Ground works and drainage - generally all external decorations should be complete, boundary walls built, drainage connected and tested, paths and drives complete / serviceable and the plot free from any builder’s debris.

Drainage All foul and surface water drainage should be connected, tested and fully operational. Where non-mains drainage is incorporated, it should be sited so as to allow suitable maintenance and emptying (as should filling any form of storage tank, i.e. oil). Ensure land drainage is present where necessary, i.e. water logging likely within 4m of the dwelling. Display robust notice plates indicating maintenance and operating requirements for non-mains drainage and oil fuel storage systems. Boundary, retaining or garden walls To be complete and structurally stable. Paths, drives and patios To be laid to reasonable, self-draining falls and suitable to take their intended loading, i.e. the weight of a tanker if storage or septic tanks are located too far from the highway. No path, patio or drive should be within 150mm of the dpc to the external wall of the house or garage. Level thresholds Should be suitably constructed to prevent damp ingress and allow adequate entry to the dwelling via a wheelchair. Planting Ensure that any planting scheme introduced has been designed to suit the foundations already constructed. Superstructure Ensure that all finishes are to a reasonable basic visual standard, the brickwork / rendering and roof covering is of a consistent nature in quality of finish and workmanship. All windows and door frames must be reasonably sealed where abutting the external envelope to prevent weather penetration. All rainwater goods must be in place and connected to the drainage system and all timber products are suitably treated / decorated to give a reasonable finish and protection against the elements.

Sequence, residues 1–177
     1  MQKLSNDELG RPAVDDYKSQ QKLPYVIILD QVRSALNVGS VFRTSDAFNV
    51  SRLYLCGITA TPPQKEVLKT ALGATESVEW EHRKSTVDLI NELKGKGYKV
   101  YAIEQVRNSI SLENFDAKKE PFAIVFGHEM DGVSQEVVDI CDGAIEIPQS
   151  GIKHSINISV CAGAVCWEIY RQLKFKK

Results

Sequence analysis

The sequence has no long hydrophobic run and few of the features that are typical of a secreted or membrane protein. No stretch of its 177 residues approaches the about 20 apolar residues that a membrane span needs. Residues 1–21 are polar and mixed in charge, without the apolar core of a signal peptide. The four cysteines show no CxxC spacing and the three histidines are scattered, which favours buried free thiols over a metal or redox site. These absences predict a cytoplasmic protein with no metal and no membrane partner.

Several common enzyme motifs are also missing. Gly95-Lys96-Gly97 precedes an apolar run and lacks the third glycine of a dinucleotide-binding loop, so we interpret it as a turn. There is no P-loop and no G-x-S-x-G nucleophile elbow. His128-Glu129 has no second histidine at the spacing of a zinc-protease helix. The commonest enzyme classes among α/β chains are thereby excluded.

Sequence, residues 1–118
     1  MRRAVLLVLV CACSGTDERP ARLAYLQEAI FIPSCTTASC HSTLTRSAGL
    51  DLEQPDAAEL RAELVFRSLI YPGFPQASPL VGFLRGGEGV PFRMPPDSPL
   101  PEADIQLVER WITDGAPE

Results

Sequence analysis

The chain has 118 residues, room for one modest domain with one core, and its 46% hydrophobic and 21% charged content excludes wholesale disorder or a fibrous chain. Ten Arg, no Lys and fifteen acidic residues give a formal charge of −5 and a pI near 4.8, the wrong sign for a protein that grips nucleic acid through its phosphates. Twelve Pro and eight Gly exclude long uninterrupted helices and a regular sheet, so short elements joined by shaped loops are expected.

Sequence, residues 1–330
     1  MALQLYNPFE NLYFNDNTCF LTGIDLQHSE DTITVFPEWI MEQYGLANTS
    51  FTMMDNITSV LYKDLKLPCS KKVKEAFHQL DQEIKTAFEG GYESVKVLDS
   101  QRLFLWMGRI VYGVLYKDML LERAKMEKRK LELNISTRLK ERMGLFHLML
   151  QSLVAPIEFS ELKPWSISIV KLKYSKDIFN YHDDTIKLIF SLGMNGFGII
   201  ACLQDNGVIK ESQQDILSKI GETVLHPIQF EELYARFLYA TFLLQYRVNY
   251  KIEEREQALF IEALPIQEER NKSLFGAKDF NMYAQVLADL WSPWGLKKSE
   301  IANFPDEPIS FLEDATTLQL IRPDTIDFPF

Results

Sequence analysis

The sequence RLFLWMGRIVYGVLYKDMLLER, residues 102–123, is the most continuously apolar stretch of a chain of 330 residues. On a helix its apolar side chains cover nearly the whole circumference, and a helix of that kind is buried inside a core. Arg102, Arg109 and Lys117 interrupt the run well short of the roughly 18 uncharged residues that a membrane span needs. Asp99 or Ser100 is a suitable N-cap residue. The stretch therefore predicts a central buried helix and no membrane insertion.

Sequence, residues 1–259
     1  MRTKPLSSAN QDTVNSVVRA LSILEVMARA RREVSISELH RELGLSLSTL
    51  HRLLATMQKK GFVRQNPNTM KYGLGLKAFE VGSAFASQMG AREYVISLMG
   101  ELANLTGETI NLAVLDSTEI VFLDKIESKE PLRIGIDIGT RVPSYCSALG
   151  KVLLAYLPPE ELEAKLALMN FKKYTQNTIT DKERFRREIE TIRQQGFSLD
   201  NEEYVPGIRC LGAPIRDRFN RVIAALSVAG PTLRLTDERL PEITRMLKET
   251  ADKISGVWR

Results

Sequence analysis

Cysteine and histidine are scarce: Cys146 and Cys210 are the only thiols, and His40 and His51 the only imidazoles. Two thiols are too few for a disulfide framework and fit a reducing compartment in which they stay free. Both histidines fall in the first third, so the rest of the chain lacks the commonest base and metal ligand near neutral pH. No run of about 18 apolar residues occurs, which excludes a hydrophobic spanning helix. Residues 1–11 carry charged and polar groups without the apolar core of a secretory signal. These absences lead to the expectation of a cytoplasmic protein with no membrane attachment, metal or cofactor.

35

NB where there is a

in the ICW Inspect column, these items will be inspected where available to be seen at the time of inspection.


2.7

Item of construction to be quality checked

Builder Check

ICW Inspect

Ground works and drainage - generally all external decorations should be complete, boundary walls built, drainage connected and tested, paths and drives complete / serviceable and the plot free from any builder’s debris.

External Walls: Rendering: - should be durable and decorated to resist the weather and impact - should not bridge the dpc Masonry: - should be matched in colour and texture providing reasonable aesthetics - joints should be filled / pointed and consistent - mortar should be durable and consistent in colouring - corbelling and / or plinths should not be excessive, thus enabling water to collect General: - movement joints should be suitably located and filled - weepholes should be evident at all locations of cavity projections and at dpc level within timber frame construction - ensure that surfaces are reasonably plumb and level - lead flashings should be correctly located and fixed - dpc should not be bridged and located a min. 150mm above finished external ground level

NB where there is a

in the ICW Inspect column, these items will be inspected where available to be seen at the time of inspection.

36


2.7

Item of construction to be quality checked

Builder Check

ICW Inspect

Superstructure - ensure that all finishes are to a reasonable basic visual standard, the brickwork / rendering and roof covering is of a consistent nature in quality of finish and workmanship. All window and door frames must be reasonably sealed where abutting the external envelope to prevent weather penetration. All rainwater goods must be in place and connected to the drainage system and all timber products are suitably treated / decorated to give a reasonable finish and protection against the elements.